Separate from the incredible experience of cycling almost 300 miles on a remarkable route, the real experience of the ride can best be described in five words — We Have Seen The Future! Or, at least, one possible future. The students, and alumni, of the Arava Institute are remarkable young men and women — they are from Israel, several of the neighboring countries and territories, Europe, and the U.S.; they are of diverse religions, as well as nationalities, and they all work together as one. As a result of their experience at the Arava Institute, they find a common ground, an ability to understand each other’s different perspectives, and they are building deep respect, friendships, and relationships across the borders of the middle east. It is really remarkable, especially in a region that has been marked by such deep conflict for much of it’s history. The future that we’ve witnessed, through students at the institute is the one that all of us who care about Israel have prayed for for generations. The ride gave each of us a chance to witness this first hand, and to support allowing the work of the Institute and Hazon to reach their full potential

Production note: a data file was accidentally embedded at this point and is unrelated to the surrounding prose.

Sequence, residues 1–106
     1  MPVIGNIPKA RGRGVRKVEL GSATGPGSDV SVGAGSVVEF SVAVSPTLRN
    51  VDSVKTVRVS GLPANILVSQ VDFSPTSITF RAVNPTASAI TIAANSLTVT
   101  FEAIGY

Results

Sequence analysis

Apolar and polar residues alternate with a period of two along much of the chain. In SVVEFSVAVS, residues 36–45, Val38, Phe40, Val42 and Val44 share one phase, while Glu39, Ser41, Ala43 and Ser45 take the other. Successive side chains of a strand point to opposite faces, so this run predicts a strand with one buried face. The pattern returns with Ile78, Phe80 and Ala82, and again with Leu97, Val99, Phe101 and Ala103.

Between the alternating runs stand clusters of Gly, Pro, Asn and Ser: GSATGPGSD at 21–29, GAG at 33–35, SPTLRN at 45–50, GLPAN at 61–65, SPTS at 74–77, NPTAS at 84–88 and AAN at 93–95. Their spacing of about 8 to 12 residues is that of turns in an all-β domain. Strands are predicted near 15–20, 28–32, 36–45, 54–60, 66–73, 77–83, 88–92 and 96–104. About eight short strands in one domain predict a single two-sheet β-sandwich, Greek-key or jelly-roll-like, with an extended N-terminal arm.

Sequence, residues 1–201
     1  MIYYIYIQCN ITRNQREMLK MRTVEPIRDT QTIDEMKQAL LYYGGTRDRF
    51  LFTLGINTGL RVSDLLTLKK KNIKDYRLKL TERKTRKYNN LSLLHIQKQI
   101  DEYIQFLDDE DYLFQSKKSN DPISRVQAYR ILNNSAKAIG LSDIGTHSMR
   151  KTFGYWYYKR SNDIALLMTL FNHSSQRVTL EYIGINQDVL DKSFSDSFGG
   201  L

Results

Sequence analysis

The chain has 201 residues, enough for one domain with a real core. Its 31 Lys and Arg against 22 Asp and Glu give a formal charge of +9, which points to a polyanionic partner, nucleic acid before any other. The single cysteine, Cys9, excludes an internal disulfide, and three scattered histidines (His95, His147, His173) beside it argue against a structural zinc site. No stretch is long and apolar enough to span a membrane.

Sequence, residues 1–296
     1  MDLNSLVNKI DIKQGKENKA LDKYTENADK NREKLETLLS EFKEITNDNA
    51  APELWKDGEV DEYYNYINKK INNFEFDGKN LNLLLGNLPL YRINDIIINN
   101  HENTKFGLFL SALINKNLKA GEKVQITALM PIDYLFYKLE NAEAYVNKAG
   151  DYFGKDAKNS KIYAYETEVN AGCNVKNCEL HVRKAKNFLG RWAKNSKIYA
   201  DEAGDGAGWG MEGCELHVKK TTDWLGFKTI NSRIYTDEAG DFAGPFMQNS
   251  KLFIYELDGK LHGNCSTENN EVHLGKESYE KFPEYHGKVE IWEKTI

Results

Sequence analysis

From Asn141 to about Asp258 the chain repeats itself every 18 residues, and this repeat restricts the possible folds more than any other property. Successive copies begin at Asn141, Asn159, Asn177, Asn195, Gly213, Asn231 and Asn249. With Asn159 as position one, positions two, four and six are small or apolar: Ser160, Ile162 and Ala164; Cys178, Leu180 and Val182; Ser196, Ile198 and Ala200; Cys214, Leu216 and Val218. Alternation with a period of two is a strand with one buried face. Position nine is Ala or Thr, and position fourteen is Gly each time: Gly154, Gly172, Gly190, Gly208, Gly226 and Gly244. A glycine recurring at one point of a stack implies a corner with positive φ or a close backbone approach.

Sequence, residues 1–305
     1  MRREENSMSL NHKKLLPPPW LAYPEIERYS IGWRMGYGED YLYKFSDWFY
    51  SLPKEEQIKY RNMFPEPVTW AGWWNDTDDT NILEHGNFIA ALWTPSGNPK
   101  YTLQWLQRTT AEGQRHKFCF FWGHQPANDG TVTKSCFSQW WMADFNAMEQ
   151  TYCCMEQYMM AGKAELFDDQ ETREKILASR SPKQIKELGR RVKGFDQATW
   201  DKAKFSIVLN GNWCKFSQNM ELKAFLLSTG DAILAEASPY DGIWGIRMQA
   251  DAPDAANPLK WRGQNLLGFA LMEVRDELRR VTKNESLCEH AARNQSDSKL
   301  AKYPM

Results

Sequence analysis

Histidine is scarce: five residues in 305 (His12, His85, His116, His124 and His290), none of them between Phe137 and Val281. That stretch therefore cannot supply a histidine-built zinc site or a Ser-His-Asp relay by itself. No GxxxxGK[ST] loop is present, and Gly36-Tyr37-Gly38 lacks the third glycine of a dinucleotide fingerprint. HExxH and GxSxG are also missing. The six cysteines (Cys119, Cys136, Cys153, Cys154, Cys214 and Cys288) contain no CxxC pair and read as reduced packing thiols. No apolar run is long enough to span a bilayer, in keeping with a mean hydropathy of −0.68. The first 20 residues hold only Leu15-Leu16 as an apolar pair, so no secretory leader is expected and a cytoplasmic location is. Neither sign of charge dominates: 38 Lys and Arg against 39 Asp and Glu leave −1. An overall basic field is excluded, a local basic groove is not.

My soul is soaring: Mid-Ride reflections – Sunday, November 16
I am 4 days, over 160 miles, and numerous new friendships into my Israel Ride. My legs feel surprisingly strong, my butt is sore (not suprisingly)and my soul is soaring.
It is difficult to compress into a few sentences the sense of accomplishment I feel as my body responds to being pushed as hard as I am pushing it, but even more difficult to explain the feeling of connection I now have to over 100 people whom I have never met before, and who have become my family on this journey. We are supportive of each other, interested in each other’s stories, non-competitive and as diverse a group as you can imagine.